Bad habits are like something affecting your life and health. Bad habits interrupt your life and prevent you from accomplishing your goals. They jeopardize your health — both mentally and physically. And they waste your time and energy.
The cycle is understandable, because the brain doesn’t make changes easily. But breaking an unhealthy habit can be done. It takes intent, a little white-knuckling, and some effective behavior modification techniques. But even before that, it helps to understand what’s happening in our brains, with our motivations, and with our self-talk.
Choose a substitute for your bad habits
You need to have a plan ahead of time for how you will respond when you face the stress or boredom that prompts your bad habit. What are you going to do when you get the urge to smoke? (Example: breathing exercises instead.) What are you going to do when Facebook is calling to you to procrastinate? (Example: write one sentence for work.) Whatever it is and whatever you’re dealing with, you need to have a plan for what you will do instead of your bad habit.
Cut out as many triggers as possible
If you smoke when you drink, then don’t go to the bar. If you eat cookies when they are in the house, then throw them all away. If the first thing you do when you sit on the couch is pick up the TV remote, then hide the remote in a closet in a different room. Make it easier on yourself to break bad habits by avoiding the things that cause them.
Right now, your environment makes your bad habit easier and good habits harder. Change your environment and you can change the outcome.
Accept that success isn’t a straight line
As you try to change, there will be bumps and setbacks, which are part of the process of lasting change. The problem is that we’re our own worst critics, and some people view anything except total success as complete failure.
Marques says to try to take a third-person perspective and think about how you’d react to a friend who said that having one bag of chips had ruined their whole diet. You’d be kind and reassuring, not critical, so give yourself the same treatment. A lot of the struggle with self-criticism is not seeing thoughts as facts, but merely thoughts. It takes practice, but it’s the same idea as with meditation. You treat what comes into your head as clouds, acknowledging them and letting them roll on through. “Everyone has distorted thoughts all the time,” Marques says. “It’s what you do with them.”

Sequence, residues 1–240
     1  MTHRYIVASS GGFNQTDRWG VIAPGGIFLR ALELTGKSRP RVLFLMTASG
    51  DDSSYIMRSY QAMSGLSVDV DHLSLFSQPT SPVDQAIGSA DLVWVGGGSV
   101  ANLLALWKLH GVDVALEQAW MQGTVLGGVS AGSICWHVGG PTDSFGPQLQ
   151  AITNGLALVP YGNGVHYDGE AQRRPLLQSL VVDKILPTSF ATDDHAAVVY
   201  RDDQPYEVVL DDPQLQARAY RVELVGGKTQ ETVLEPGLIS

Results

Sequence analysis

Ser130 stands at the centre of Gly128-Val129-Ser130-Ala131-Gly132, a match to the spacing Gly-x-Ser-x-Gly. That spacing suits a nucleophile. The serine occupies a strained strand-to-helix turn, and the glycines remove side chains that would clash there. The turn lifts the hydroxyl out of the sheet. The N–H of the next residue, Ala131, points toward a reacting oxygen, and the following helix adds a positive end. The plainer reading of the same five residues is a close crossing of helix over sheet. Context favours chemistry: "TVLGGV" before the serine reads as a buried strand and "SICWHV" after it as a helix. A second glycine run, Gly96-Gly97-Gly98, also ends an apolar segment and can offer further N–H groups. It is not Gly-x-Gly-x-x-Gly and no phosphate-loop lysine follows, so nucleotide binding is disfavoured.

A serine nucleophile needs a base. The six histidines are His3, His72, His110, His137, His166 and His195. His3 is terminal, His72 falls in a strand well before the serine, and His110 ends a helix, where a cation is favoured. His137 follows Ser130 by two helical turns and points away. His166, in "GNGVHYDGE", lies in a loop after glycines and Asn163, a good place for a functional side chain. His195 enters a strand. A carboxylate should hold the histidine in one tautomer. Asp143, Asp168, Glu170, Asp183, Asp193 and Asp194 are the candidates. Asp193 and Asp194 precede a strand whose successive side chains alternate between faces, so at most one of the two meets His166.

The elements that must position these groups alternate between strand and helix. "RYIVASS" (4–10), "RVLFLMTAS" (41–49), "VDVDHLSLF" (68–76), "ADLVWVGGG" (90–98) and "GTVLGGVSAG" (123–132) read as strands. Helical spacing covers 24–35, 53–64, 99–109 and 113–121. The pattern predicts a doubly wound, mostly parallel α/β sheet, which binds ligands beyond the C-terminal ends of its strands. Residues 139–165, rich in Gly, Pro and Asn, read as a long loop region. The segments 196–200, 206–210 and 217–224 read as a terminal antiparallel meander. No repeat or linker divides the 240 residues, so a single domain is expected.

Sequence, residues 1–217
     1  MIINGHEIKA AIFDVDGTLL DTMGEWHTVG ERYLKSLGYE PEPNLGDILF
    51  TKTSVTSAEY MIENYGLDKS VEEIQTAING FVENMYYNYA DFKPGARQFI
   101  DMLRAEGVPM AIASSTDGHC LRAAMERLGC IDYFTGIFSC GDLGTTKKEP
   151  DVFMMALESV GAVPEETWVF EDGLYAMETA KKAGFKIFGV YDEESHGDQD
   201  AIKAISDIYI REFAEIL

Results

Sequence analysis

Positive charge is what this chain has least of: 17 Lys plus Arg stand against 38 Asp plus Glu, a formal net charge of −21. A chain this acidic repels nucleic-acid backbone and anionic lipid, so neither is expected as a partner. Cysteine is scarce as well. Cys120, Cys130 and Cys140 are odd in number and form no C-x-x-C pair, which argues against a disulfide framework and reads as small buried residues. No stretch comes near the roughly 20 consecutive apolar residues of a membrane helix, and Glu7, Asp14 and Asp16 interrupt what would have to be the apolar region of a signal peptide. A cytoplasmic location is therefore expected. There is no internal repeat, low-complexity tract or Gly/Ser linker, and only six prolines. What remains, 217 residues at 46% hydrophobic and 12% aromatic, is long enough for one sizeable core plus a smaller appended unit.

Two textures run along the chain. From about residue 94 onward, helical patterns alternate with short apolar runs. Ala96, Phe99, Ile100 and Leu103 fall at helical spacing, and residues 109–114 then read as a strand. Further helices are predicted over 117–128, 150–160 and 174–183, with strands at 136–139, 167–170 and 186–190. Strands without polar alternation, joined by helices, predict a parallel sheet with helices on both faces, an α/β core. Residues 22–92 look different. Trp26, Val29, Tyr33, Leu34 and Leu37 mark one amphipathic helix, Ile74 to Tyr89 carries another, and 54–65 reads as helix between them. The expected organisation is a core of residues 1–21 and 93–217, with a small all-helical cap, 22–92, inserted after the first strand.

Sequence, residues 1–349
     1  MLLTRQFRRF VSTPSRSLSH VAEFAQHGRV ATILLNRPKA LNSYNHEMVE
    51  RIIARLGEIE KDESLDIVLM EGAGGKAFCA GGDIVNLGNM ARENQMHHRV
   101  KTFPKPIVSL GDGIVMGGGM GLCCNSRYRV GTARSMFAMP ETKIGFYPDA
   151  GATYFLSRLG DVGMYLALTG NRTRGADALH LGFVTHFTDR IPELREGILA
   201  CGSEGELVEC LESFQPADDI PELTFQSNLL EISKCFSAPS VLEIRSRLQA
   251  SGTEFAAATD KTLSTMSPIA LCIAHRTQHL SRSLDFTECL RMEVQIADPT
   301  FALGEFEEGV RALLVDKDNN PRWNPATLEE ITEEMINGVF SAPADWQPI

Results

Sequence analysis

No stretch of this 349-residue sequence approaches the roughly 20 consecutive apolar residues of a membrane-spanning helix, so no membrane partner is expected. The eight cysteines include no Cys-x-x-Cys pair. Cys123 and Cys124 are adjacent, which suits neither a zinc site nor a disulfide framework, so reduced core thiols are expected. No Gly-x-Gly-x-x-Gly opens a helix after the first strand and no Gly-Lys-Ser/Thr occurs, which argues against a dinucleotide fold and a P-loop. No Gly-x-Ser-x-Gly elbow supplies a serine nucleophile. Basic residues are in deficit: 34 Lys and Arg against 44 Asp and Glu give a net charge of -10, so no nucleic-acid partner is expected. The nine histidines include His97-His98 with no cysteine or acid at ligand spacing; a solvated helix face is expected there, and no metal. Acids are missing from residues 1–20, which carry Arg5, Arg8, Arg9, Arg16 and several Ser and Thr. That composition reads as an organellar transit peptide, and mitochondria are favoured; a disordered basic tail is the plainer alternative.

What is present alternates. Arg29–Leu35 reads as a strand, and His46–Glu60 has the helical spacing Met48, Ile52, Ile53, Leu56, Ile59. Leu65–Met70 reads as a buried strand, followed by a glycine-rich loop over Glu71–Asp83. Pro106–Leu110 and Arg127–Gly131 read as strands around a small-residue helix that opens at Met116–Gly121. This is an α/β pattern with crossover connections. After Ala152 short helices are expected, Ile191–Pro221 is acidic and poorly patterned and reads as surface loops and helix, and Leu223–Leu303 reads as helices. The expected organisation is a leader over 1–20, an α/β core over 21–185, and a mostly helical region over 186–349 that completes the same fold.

It also helps to reduce stress and minimize that sense of failure to know that the goal isn’t to make the old habit disappear, because it won’t. You’re just trying to strengthen the new routine so eventually it takes over, and the old habit isn’t even a thought. But it’s a constant process, made easier with self-compassion, because there’s no way to prepare for every situation or be able to predict when and where a trigger might happen.
Mindfulness can help you develop awareness around your thoughts, feelings, and actions. This practice involves simply observing impulses that relate to your habit without judging them or reacting to them.
As you become more aware of these routine behaviors and the triggers that lead to them, you may find it easier to consider other options, such as avoiding reminder cues or not acting on the urges.
Let go of the all-or-nothing mindset
Accepting you’ll probably slip up a few times when trying to break a habit and coming up with a plan is one thing. Preventing feelings of frustration and failure when you do slip up is another story.
If you fall back into an old habit, you might wonder, “Can I really do this?” You might begin to doubt yourself and feel inclined to give up.
Myers recommends looking at your successes instead. Maybe you’re trying to quit smoking and you succeed for 3 days in a row. On the fourth day, you have a cigarette and spend the rest of the night feeling like a failure.
“Having a cigarette after going a few days without smoking doesn’t take away those past days,” said Myers. Remember, you can make a different choice tomorrow.